27 Mar Insane In The Subframe: DIY Part 2
We’re just going to plow through this multi-part E46 M3 Subframe Reinforcement DIY until we’ve hit the end. Okay? Cool.
When we last left this E46 M3 DIY, we had finished strapping the differential to the transmission jack. That means it’s time to unbolt the subframe assembly from the car. There are eight main areas that you need to hit before lowering the trans jack down. First, there are two trailing arms that have three bolts each. From there, the subframe is held in place by four main mounting points — they’re the giant circular bushing housings around the perimeter of the subframe. Finally, there are a few bolts hidden up in slots just under the differential’s guibo. The two frontmost subframe bushing bolts hold the subframe’s crossmember in place, along with those hidden bolts. Depending on how you have the subframe mounted on the jack, the crossmember may fall right off when unbolted, so heed warning.
Now let’s get that subframe on the ground. Slowly, and we mean SLOWLY, lower the transmission jack by the foot pedal. Once it starts to move, have a friend assist in sneaking the emergency brake cables through their respective tunnels, otherwise you may snag them and the subframe won’t keep lowering. With the emergency brake cables free of the tunnels, lower the subframe assembly and put it aside. We’ll be revisiting this assembly when it comes time to replace the bushings, but for now, we’ll be focusing on the reinforcement plates. Make sure not to bend your brake rotors’ dust shields.
At this time, inspect your subframe mounting points to make sure no metal has sheared off or become severely stressed. Everything here is looking good. The less broken your mounting points are, the easier your work will be. Therefore, it’s in your best interest to get this job done sooner than later. It’s not a matter of IF your mounting points will go bad, it’s a matter of WHEN. Also, remove the two studs from the forward mounting points.
Now it’s time to start messing with the reinforcement plates. Our customer sourced his set from Turner Motorsports, a long-time staple in the BMW aftermarket scene. If you ordered this kit as well, you’ll be greeted with a variety of steel plates in a couple different shapes and sizes. If you’re having trouble visualizing which plates go where, test-fit them at the mounting points to see what shapes line up. Otherwise, Turner’s directions are pretty good at explaining this part. This is the kit we recommend.
You might be thinking to yourself, “Hey, isn’t all this work taking place a little too close to my gas tank?” Why yes, yes it is. Since we’ll be working with electric arcs and heat when attaching the plates, it’s recommended (we feel it’s mandatory) to remove the gas tank in the interest of your safety. This part will probably require a couple helping hands. First, remove the clamps and the silicone hose that hold the gas tank to the filler neck. Then, on the driver’s side, just ahead of the gas tank, disconnect the feed and return lines for the tank. The line that we’re touching below, along with the one to the right of it, are your targets. Gas will spill out, just a heads up.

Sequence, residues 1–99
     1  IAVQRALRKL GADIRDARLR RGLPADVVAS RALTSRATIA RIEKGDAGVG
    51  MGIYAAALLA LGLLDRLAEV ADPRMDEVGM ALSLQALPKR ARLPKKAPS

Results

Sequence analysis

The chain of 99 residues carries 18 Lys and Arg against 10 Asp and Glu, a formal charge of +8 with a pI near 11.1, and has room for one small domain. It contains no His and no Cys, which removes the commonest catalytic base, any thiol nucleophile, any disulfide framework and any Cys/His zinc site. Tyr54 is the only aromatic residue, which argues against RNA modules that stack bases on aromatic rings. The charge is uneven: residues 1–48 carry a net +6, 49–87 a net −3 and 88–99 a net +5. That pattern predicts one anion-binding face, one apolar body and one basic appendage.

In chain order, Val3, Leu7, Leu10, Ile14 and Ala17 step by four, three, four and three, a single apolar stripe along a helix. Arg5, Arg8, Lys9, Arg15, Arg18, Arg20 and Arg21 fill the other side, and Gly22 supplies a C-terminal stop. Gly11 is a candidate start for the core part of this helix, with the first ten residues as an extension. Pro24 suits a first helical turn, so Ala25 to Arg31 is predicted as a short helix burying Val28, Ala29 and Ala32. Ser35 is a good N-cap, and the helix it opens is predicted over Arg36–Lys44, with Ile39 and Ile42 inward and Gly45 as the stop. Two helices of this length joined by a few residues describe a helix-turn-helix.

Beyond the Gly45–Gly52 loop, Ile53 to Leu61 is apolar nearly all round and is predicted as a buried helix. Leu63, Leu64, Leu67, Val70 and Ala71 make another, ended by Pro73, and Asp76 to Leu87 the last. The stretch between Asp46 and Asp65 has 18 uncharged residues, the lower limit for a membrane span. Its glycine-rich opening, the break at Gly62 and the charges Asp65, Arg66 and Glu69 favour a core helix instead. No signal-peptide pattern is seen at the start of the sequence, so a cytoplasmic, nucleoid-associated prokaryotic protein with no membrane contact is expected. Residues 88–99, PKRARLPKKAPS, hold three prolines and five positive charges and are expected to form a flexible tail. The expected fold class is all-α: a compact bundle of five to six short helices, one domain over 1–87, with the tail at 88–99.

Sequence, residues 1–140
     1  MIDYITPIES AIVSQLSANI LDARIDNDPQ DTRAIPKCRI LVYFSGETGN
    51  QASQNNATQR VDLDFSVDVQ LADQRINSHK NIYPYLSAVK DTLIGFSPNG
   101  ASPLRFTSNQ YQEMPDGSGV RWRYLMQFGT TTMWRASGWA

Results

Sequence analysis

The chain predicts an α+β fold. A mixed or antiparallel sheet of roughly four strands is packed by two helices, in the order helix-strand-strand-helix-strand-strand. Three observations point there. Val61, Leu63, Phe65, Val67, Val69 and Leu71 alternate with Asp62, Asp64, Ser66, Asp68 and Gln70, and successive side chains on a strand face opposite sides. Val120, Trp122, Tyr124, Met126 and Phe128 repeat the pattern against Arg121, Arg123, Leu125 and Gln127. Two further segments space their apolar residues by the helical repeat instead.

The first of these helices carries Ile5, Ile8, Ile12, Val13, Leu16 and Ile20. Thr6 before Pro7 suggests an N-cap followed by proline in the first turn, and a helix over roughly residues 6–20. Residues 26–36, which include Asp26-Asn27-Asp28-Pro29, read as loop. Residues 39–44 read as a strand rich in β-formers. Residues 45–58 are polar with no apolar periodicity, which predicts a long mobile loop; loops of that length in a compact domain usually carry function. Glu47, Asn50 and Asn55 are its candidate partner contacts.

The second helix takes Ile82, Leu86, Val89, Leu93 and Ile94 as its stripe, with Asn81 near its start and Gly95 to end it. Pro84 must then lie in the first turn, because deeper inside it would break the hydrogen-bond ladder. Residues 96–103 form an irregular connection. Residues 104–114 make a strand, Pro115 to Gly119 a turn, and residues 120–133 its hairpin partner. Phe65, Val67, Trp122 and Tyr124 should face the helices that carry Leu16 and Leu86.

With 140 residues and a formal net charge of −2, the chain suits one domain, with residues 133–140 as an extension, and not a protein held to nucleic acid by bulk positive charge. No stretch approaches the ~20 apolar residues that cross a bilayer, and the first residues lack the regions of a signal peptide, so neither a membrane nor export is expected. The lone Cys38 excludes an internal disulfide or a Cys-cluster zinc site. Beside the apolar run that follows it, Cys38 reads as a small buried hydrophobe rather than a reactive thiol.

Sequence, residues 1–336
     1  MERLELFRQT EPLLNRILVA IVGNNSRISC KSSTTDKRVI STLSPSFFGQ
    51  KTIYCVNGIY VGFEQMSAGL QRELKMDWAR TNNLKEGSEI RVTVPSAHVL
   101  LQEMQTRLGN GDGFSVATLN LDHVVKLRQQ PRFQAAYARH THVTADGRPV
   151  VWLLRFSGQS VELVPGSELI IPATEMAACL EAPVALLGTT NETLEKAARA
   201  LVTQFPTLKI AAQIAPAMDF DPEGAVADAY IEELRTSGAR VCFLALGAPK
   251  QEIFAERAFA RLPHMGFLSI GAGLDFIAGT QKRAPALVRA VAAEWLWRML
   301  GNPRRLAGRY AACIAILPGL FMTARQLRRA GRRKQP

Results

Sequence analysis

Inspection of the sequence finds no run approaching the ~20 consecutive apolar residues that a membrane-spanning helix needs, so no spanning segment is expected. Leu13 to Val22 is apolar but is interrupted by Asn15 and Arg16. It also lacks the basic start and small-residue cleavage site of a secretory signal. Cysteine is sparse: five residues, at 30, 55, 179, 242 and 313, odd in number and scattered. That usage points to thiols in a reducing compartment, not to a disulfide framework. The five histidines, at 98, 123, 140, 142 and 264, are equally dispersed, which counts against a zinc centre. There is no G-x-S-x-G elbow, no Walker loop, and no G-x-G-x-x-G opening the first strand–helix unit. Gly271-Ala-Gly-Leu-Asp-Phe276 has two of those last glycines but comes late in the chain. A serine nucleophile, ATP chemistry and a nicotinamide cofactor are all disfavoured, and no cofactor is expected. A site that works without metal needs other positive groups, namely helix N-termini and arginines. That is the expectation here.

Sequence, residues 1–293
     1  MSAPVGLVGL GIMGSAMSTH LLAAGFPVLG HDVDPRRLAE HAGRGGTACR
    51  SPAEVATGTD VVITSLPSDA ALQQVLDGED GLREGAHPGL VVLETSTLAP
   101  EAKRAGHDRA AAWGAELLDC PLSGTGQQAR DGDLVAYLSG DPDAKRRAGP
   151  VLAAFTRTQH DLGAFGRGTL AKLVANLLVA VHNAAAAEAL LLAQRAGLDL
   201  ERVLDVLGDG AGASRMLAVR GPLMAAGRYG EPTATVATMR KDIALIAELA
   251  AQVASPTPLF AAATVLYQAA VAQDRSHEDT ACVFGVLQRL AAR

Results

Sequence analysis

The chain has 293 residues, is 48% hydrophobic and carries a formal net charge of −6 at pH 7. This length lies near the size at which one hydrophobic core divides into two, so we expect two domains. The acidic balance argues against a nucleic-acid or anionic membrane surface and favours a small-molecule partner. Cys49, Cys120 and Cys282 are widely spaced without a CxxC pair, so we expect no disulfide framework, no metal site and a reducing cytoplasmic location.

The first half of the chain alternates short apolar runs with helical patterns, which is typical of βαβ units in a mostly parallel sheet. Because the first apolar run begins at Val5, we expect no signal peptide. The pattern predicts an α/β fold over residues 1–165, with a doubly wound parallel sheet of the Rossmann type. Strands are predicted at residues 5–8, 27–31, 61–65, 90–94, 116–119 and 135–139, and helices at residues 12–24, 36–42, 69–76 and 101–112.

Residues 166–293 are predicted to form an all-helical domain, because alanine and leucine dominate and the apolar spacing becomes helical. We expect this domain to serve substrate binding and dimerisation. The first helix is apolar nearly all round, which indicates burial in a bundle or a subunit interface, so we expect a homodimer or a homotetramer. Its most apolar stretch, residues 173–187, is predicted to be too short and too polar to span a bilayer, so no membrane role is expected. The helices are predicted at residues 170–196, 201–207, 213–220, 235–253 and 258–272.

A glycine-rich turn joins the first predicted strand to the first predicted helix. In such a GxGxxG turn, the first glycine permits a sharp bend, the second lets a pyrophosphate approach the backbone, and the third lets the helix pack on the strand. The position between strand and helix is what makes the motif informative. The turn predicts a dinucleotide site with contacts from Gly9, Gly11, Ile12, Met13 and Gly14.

If you have another jack to put under the tank, we suggest doing so; if not, have some friends hold it in place at this time. Then, unbolt the two straps holding the gas tank in place, followed by the single bolt in the middle of the tank. Lower the gas tank by a foot or two until you feel a snag. There are several wires and hoses attached to the top of the tank. Unclip what is clipped to the top of the tank, then remove the two hoses that are clamped onto the top of the gas tank itself. Remove the tank completely and set it aside, far away from where you will be welding.
Finally, it’s time to get these mounts in place. However, there needs to be a bit of prep work done first. You’ll notice that the OEM subframe mounting points are covered in a fair bit of undercoating, paint and other materials. These will contaminate your welds, causing an imperfect connection between mount and reinforcement plate. Therefore, break out your wire wheel (or whatever you typically use to remove metal coatings), and go to town on the metal, bringing it down to a bare metal finish.
It’s advised to mock up the plates first, then use a marker to trace an outline around the reinforcement plates, adding 1/4″ to 1/2″ on each side to account for the welding bead thickness. Then, much like R. Kelly suggests, it’s time for a little bump ‘n’ grind. Make sure to hit the spot welds using a smaller tool, as well, if you miss them on the original passes.
Your body surfaces are now ready for the reinforcement plates. But first, you must prep the plates themselves. The plates from Turner are made of galvanized steel, which means it’s steel with a zinc coating over it. The zinc coating can result in ugly, contaminated welds whether using MIG or TIG. Furthermore, the smoke that comes from the zinc coating being heated will make you awfully sick, so it’s best to remove it. You can use the same method to prep the reinforcement plates that you used to prep the car’s body, and you’ll see the difference with just one pass.
Some people recommend using muriatic (hydrochloric) acid to remove the zinc, but seeing as how we don’t want to spill a bit and burn a hole straight to the center of the earth, it’s best to stick with your tools in this situation.
Now we’re ready to get those plates in place, so check back with us tomorrow for the exciting conclusion to our E46 M3 Subframe Reinforcement DIY! Have a great day!